Welcome to the monthly blog collection from the Writer’s Insecure Support Group!
Today, a question was suggested—How do you know when your book is done?
Well, kids, here at the Butterball School of Writing, all works in progress come with a handy little pop up device. Once you’ve run through enough drafts, editing, beta readers, more editing, more readers, etc—the button pops up and voila! You have a finished book!
*waits for the laughter to die down….okay, gives up on the attempt at humor*
Homage to Thanksgiving and comparing our books to cooked poultry in an attempt at humor aside, this is a tricky question. Far more so, the more you look into it. Like most all aspects of writing, it depends on the individual to know when their book is done, there’s no one size fits all program.
For me personally it’s still an “it varies” answer, as each book has a different cooking time. But there are some components that follow through on each book.
I throw a lot of stuff on the page (I’m a pantser folks) and my first draft is sometimes pretty wild. I do little edits/re-reads as I’m working on the first draft, but nothing really big. Then I print it out and edit. I slice and dice for story and character arcs first. Something doesn’t actually go somewhere (or set something up for another book in the series- so if you see something touched on in say book two- it might not have an impact until say book five) it’s out. I may cut and save it, if I really love it, but I’ve learned to be brutal. If it’s doesn’t move things along- it’s outta there. Your “darlings” (the words) lose individual strength when compared to the entire piece. Move it or lose it my little wordy friends!
After a few edits, I send it to my developmental editor. She calls me on anything I may have missed, or just refused to see was a problem. Then my beta readers have a whack. I am totally lucky to have some insanely talented friends who are willing to point out where I’ve screwed up, typos, and major “WTF?” issues. Then a nice line/copy edit for clean-up. I also go through a few passes before and inbetween all of these.
At each of these stages, I’m keeping an eye out for anything major, something that tells me the story isn’t doing what I need it to do. If it flies through after all these folks poking and prodding it, and feels solid, I pronounce it DONE!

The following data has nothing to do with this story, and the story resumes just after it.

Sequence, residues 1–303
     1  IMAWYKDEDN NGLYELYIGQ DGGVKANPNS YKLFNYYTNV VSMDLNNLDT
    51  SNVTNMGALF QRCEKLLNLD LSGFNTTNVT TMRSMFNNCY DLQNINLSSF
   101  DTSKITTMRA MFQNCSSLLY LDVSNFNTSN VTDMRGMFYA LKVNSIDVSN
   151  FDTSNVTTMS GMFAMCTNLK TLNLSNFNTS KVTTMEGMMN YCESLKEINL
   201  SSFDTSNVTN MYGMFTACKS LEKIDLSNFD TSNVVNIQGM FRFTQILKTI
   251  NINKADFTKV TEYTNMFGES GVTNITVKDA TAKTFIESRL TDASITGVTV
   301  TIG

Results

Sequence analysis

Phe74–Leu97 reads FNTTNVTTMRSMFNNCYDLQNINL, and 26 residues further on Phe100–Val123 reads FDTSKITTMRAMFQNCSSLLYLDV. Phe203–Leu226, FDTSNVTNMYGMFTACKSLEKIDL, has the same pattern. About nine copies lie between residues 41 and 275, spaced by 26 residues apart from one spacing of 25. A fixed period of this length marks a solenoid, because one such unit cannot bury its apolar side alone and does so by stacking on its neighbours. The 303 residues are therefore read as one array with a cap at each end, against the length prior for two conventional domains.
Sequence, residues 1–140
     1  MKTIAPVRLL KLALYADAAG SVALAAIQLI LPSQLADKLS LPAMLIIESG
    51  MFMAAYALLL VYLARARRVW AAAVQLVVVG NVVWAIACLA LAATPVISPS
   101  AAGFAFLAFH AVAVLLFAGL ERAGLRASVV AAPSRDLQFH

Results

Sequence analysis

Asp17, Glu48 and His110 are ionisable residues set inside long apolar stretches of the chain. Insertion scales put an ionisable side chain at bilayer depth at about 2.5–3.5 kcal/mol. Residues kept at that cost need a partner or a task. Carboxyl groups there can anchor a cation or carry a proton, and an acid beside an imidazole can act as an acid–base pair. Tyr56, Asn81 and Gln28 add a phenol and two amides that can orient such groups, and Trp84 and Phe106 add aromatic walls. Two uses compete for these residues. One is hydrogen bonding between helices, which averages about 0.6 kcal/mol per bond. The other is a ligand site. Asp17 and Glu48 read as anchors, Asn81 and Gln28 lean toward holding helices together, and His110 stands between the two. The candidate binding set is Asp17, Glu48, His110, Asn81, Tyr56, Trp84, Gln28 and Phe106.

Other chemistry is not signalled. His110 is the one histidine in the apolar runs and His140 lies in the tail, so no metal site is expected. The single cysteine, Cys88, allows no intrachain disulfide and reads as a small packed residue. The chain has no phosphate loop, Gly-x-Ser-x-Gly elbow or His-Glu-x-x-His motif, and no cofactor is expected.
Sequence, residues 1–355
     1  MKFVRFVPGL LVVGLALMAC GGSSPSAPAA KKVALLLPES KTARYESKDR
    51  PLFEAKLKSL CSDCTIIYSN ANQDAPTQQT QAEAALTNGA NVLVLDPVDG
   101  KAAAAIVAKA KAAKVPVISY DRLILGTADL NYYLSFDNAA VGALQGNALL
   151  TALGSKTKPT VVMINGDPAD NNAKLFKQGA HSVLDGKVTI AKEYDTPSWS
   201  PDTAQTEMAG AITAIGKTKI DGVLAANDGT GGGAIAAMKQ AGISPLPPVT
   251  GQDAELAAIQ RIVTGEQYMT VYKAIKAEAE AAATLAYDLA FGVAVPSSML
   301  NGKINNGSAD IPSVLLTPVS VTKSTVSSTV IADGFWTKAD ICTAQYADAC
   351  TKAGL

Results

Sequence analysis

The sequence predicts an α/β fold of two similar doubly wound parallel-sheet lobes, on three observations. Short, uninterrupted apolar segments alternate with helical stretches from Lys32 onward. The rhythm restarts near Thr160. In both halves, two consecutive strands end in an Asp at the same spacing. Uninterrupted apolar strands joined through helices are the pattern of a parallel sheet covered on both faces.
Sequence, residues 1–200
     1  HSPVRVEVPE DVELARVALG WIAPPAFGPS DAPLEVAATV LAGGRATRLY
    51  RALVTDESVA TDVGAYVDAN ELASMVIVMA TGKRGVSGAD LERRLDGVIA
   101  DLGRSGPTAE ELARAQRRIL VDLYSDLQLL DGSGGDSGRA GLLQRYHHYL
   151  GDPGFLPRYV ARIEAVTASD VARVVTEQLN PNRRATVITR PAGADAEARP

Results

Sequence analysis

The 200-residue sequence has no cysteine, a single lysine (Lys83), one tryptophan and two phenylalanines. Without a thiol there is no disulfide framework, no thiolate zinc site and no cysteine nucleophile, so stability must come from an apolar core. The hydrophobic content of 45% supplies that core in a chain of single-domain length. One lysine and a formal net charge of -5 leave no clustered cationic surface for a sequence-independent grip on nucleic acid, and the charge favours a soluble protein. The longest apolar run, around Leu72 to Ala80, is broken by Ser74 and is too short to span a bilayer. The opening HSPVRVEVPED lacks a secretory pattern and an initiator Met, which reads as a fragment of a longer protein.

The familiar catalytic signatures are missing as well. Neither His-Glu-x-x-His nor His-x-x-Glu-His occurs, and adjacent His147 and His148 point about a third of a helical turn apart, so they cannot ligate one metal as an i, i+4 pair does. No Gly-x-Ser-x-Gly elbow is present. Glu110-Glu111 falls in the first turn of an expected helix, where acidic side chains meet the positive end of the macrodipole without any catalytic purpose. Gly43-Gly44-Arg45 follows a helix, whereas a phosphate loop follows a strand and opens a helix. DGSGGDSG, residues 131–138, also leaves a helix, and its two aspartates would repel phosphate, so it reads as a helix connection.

Told you the pop up button idea was better ;).
Happy IWSG day!!!
Having all those talented readers going over your story is a great thing to make your story shine. How did you go about finding your developmental editor?ReplyDelete
It really helps! I did some searching, and I think I found mine through a comment of an online chapter group of RWA. She is really good and gets my voice :).Delete
I've used a developmental level editor once before sending out (I work with an agent so we are subbing to traditional houses). I'm considering it again. Do you have a reference?ReplyDelete
Here's my October IWSG post: Top 10 Ways to know if you're ready to share your writing
I use Red Circle Ink- love her! She's tough, but right on target. https://redcircleink.com/Delete
Sounds like a great plan to me. :-)ReplyDelete
Anna from elements of emaginette
I figure it's working so far ;).Delete
I like the pop up timer. Works for me. LOL It varies is a great answer. I just know when it's done...and when it's not.ReplyDelete
Wouldn't it be awesome? "DING!" "Ooo- my book is done!" ;). It is such an instinctual process.Delete
I like the pop up timer concept.ReplyDelete
My perception of my own originality is shrinking and drying up like an overcooked turkey. Must be at least a few of us thinking of food as it applies to today's question. I don't think it has to do with being a starving artist either.
You're cooking turkey and I'm baking cookies.
Tossing It Out
I do better at editing the printed page - with the cliched red pen -than reading the screen version too. I think "confidence" is key to knowing when the book is finished. I could use a bit more of that too.ReplyDelete